Stressed by relaxation?
August 14, 2007 10:51 AM   Subscribe

I have a couple of ongoing problems at work and at home that require a lot of work and attention to detail. This is quite stressful for me and my family. I need to get involved in family recreational activities because otherwise both I and they will get stressed out. Nonetheless, I can't help feeling irritated and angry by these activities, even if I am the one suggesting them, because they feel like a waste of time and energy compared to the problems that need sorting out. How can I change how I feel about these things?
posted by blue_wardrobe to Human Relations (14 answers total) 1 user marked this as a favorite
Relaxing is never a waste of time and energy, within reason. I'd suggest therapy.
posted by electroboy at 11:09 AM on August 14, 2007

Oh, let's start with the facile answer: resolve the ongoing problems at work and at home.

This is both an objective and a lifestyle change. First as an objective, unless you're misleading us, you've identified the source of the stress. So, reduce or eliminate it.

Use every arrow in the quiver! Use any available work-sponsored EAP ( employee assistance program). Counsellors and psychologists are often covered or deductible expenses. Most importantly, be open and frank as much as possible with your family and friends.

Secondly, as a lifestyle change, you need to identify these sorts of situations early, and get the communication going. This will help future issues from building up into seemingly insurmountable problems.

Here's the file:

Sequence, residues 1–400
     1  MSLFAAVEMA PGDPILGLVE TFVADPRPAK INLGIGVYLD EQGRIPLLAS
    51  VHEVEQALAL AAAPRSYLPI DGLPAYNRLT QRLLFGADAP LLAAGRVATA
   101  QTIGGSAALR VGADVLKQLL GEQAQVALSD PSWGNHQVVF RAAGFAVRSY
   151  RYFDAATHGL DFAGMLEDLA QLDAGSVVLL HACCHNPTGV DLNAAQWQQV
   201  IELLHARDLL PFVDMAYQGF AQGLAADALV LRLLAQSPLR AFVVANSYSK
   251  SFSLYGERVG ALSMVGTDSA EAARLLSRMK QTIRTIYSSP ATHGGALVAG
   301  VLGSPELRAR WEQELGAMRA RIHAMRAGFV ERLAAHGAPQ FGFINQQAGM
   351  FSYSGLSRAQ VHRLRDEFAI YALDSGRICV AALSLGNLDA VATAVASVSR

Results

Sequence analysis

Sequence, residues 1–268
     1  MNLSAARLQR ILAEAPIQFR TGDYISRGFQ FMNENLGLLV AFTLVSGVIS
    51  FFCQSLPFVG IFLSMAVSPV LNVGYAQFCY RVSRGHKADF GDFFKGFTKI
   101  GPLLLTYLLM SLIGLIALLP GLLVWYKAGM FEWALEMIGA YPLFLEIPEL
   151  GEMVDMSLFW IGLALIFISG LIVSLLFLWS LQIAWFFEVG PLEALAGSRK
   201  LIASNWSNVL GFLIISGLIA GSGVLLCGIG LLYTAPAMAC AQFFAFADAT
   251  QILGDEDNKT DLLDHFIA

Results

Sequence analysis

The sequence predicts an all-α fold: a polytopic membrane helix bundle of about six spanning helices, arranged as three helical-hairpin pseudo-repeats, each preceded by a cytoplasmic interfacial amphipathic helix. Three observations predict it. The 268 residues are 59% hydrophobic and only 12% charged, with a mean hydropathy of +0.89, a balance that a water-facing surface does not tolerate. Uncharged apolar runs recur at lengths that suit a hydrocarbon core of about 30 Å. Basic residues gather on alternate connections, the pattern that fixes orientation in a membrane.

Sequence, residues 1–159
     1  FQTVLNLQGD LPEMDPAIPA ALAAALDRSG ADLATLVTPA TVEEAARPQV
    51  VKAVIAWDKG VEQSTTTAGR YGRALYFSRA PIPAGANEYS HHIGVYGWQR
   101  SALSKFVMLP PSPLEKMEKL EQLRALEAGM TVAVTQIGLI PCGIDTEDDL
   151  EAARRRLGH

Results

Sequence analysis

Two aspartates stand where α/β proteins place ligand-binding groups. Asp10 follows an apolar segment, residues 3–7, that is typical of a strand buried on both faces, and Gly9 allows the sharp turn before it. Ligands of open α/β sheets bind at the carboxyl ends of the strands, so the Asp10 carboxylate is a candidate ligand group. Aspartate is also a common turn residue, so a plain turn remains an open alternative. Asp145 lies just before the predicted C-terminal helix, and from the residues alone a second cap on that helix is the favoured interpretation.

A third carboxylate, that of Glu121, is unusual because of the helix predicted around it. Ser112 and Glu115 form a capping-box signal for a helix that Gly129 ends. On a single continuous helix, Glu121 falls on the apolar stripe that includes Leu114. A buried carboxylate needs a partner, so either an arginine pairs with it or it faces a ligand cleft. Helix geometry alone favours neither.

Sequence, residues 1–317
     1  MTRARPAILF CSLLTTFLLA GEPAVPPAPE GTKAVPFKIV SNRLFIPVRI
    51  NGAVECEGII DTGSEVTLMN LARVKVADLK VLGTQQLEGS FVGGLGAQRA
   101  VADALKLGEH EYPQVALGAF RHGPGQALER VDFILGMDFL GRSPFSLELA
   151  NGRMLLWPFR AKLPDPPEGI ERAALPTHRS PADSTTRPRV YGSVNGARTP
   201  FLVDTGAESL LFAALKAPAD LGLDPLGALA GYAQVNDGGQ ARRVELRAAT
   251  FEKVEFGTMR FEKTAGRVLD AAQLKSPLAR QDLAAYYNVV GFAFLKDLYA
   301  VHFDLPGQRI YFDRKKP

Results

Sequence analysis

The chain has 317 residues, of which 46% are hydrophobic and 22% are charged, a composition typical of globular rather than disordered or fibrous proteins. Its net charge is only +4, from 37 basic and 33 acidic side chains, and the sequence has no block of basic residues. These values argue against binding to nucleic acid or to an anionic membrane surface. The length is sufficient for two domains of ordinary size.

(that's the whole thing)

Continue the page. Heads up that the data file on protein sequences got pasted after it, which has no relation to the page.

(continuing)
Finally, try to take as much R&R time as possible, even if it seems to be a waste at first. Justify the time to yourself with the understanding that everyone needs breaks, and that your subconscious mind will continue to work on the problems even if consciously you're not thinking of them.
posted by Artful Codger at 11:12 AM on August 14, 2007

While this may not work for a long-term solution to stress, it might help you deal with the current problems. Compartmentalize your life.

Set up a daily schedule, where you specify what hours of the day will be spent dealing with the stuff that needs to be done and what hours of the day will be spent not dealing with it.

During the work hours, lock yourself in a room or do whatever you have to to avoid being disturbed. Forbid everyone from disturbing you. Focus completely on the work, do not get distracted, do not stop working.

And then, when the hours are over, stop. You're no longer allowed to work. Then, go spend time with your family. Do not allow yourself to think about the work. Stop yourself from doing so, remind yourself that the work time is over. You'll get back to it tomorrow, but, for now, you just are not allowed to dwell on it.

With a firm schedule, it's easier to feel justified in relaxing. If you know that you worked long and hard for part of the day, you'll feel better about unwinding. And, if you accept that there is a rigid schedule in place that cannot be altered, then you will feel less frustrated by not working.
posted by Ms. Saint at 11:20 AM on August 14, 2007

It's very very good that you are asking this question. It is a central question of our existence -- and it's pretty easily reduced to all the cliches you've heard: be in the moment.

Worry is the obscene time-thief, not the hours you spend with those you love, those who love you. You gotta figure this out, or your body will do it for you. Don't wait for illness/fatigue/despair to give you the stop-and-smell-the-roses wake-up call.